1. Weezer (1994) - It's really hard to decide between Blue and Pinkerton, but ultimately, Blue is the essential Weezer album. Together, the variety of the tracks create a perfect balance of pure fun and passion, and coming from the peak of Weezer's writing career (sadly), the album is flawless.
2. Pinkerton (1996) - Without a doubt, the most passionate Weezer record. Pinkerton opens up with one of the most emotional Weez songs, "Tired of Sex"—at first listen, you know you're in for something different than Blue. The album carries on with equally thoughtful and sincere tracks—all just as raw and passionate. With frequent mood swings (though constant themes), and several moments of comic relief and wit, we are once again provided with a variety-packed album. Take the closer, "Butterfly," for instance—after nine aggressive tracks, Pinkerton concludes with this remorseful, acoustic ballad that provides more depth then ever into Rivers' emotions. Again, every song is brilliant.
3. Maladroit (2002) - I think Maladroit's favorable reception was so delayed because it doesn't (at first listen, at least) have that general Weezer sound. "Keep Fishin'" teased fans of another fun, catchy record, and when listeners discovered the harder, edgy sound of the rest of the album, many—including myself—were thrown off. However, I, as I imagine others did too, put my expectations aside and gave the album another try. Soon enough the songs grew on me and I eventually realized they were just as catchy as those on Blue and Pinkerton—in their own way, of course. Seriously, this album has some great songs—none ranking below average. Highlights: "American Gigolo," "Death and Destruction," "Burndt Jamb," "Possibilities," "Love Explosion," and "December."
4. Hurley (2010) - Hurley is Weezer's semi-return to form after a series of ineffectual and experimental albums. The album's overall sound is like a cross between Pinkerton and The Green Album—the songs are either genuinely representative of classic Weezer (honest emotions; strong vocal hooks; and raw, alternative catchiness), unexciting but not annoying, or somewhere in between—depending on taste and tolerance. Overall, Hurley does not have any disasters or failures—a significant step up and distinction from the preceding three albums. Because of this, and because of the bundle of exceptional stand-out tracks, Hurley exceeds even The Green Album. Highlights are: "Ruling Me," "Unspoken," and "Hang On."
5. Weezer (2001) - The Green Album is a concise (28 minutes total) assortment of bland lyrics and generic pop rock. Without any risks, none of songs are particularly bad—they're just not (for the most part) particularly good, either. On the other hand, this consistency of moderate quality provides for an especially pleasant album-flow. In the end, however, consistency and comprehension are not enough to save this album from being boring. Highlights are: "Photograph," "Island In The Sun," and "Simple Pages."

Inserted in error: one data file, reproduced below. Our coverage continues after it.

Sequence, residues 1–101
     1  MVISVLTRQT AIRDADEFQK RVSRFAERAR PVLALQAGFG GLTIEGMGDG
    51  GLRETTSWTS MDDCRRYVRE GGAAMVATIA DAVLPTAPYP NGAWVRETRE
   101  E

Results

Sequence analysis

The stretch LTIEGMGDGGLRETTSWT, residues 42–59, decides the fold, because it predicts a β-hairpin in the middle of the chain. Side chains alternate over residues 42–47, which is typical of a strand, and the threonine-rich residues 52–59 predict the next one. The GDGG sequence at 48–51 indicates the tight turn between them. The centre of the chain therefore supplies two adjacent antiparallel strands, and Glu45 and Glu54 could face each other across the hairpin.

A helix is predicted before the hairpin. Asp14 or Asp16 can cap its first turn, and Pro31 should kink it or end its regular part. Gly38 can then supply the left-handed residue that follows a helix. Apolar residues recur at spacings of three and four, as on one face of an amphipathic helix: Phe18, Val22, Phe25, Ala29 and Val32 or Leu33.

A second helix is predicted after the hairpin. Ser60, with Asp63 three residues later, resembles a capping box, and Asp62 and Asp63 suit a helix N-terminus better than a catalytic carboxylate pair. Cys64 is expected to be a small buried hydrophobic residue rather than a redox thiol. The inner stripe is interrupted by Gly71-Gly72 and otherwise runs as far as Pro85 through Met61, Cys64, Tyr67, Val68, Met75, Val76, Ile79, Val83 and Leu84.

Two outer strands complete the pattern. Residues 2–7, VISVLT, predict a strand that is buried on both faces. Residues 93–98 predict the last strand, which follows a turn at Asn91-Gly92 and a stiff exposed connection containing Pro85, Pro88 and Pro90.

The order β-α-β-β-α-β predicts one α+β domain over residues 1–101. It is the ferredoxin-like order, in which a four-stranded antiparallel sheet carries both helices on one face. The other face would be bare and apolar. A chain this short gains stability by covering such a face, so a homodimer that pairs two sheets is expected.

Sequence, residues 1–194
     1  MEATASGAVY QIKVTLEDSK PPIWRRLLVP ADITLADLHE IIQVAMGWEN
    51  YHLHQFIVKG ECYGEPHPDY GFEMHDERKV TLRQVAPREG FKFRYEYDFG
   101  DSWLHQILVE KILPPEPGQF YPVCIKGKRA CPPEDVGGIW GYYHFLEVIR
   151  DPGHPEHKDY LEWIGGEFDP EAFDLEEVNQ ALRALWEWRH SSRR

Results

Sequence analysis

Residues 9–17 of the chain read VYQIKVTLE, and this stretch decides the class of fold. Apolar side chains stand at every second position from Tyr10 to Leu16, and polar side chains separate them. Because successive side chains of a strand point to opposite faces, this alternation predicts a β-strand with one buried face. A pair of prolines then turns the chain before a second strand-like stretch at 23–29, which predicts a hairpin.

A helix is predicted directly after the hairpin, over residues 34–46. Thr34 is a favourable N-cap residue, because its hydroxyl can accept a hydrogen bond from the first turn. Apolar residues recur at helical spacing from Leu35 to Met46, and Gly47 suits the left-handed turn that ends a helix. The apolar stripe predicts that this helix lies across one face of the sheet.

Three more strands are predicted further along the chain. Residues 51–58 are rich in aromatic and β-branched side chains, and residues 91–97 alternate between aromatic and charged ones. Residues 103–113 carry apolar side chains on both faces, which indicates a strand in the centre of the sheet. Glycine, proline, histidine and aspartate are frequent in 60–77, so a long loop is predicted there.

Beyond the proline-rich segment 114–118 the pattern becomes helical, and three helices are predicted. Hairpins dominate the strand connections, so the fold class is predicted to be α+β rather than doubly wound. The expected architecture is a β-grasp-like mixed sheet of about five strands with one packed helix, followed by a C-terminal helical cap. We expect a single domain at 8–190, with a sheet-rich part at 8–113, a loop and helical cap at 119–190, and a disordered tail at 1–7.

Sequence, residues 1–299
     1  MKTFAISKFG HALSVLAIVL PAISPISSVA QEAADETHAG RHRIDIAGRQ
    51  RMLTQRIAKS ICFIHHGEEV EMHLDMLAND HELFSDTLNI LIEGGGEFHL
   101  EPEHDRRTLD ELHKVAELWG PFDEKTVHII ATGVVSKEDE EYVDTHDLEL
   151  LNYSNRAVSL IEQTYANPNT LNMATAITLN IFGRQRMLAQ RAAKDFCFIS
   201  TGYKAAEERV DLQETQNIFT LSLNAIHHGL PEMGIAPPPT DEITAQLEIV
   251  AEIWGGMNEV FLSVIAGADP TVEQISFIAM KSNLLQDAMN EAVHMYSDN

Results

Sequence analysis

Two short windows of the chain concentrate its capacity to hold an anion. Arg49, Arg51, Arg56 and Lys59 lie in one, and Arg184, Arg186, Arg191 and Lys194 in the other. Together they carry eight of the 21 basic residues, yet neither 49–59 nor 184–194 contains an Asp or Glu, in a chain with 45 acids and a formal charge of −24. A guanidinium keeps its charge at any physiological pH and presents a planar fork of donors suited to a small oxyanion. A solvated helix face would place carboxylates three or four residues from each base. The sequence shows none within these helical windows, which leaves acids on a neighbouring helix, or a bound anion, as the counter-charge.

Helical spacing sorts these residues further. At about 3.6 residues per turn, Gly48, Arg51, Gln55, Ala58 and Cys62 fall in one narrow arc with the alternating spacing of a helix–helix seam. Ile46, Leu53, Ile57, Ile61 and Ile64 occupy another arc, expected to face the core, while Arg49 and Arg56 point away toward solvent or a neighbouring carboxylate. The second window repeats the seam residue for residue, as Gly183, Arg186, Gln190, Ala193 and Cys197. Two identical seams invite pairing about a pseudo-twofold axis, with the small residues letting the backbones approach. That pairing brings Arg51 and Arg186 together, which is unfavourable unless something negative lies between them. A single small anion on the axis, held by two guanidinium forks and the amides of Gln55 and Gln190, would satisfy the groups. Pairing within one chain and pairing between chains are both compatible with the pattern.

6. Raditude (2009) - As far as present-day mainstream pop-music goes, Raditude is as good as it gets. Although Weezer's subject matter has gone from personal struggles and youthful angst to, well, partying, and their sound from raw alternative pop-rock to electronica-influenced power-pop on this album, Raditude still has something Weezer about it. If you set aside the empty lyrics and your longing for the fulfillment that Pinkerton provides, you may actually wind up having a very fun listen. Furthermore, tracks like "Tripping Down The Freeway" and "Let It All Hang Out," despite their atrocious titles, actually have (dare I say it) that Blue Album spirit. Overall, Raditude, considering the suffering many Weezer fans have become accustomed to and prepared for, is not a complete disappointment. However, "I'm Your Daddy's" drum machine-backed beat, "Love is the Answer" (DO judge this song by its title), and Lil Wayne's cameo on "Can't Stop Partying" (yes, you read all of that correctly) prevent Raditude from being a predominantly successful album. Highlights are: "The Girl Got Hot," "Tripping Down The Freeway," and "Let It All Hang Out."
7. Weezer (2008) - No matter how good The Red Album's "Troublemaker," "The Greatest Man That Ever Lived," and "Dreamin'" are, they do not compensate for the record's off songs. Red is wildly and unsuccessfully experimental—it just isn't "Weezer" when supporting bandmates Brian Bell, Scott Shriner, or Pat Wilson sing instead of frontman Rivers Cuomo, whose vocals very much embody Weezer's sound. In addition, these songs (with the exclusion of Wilson's "Automatic" and the inclusion of Cuomo's painfully corny rap-rock "Everybody Get Dangerous") are just generally weird and unsettling—"Cold Dark World," Shriner's creepy girl-stalking anthem (seriously), being the prime example. Highlights are: "Troublemaker," "The Greatest Man That Ever Lived," "Pork and Beans," and "Dreamin'."
8. Make Believe (2005) - Make Believe is almost like Green. Unlike Red, there is a consistency, but instead of Green's "okay" quality, these songs are only subpar. "Perfect Situation," "Hold Me," and "The Other Way" are no better than the average Green song, but songs like "My Best Friend," "We Are All On Drugs," and "Freak Me Out," make them seem exceptional. Ultimately, that consistency of subpar quality puts this album last. Highlights (I suppose...) are "Perfect Situation," "This Is Such A Pity," "Hold Me," and "The Other Way."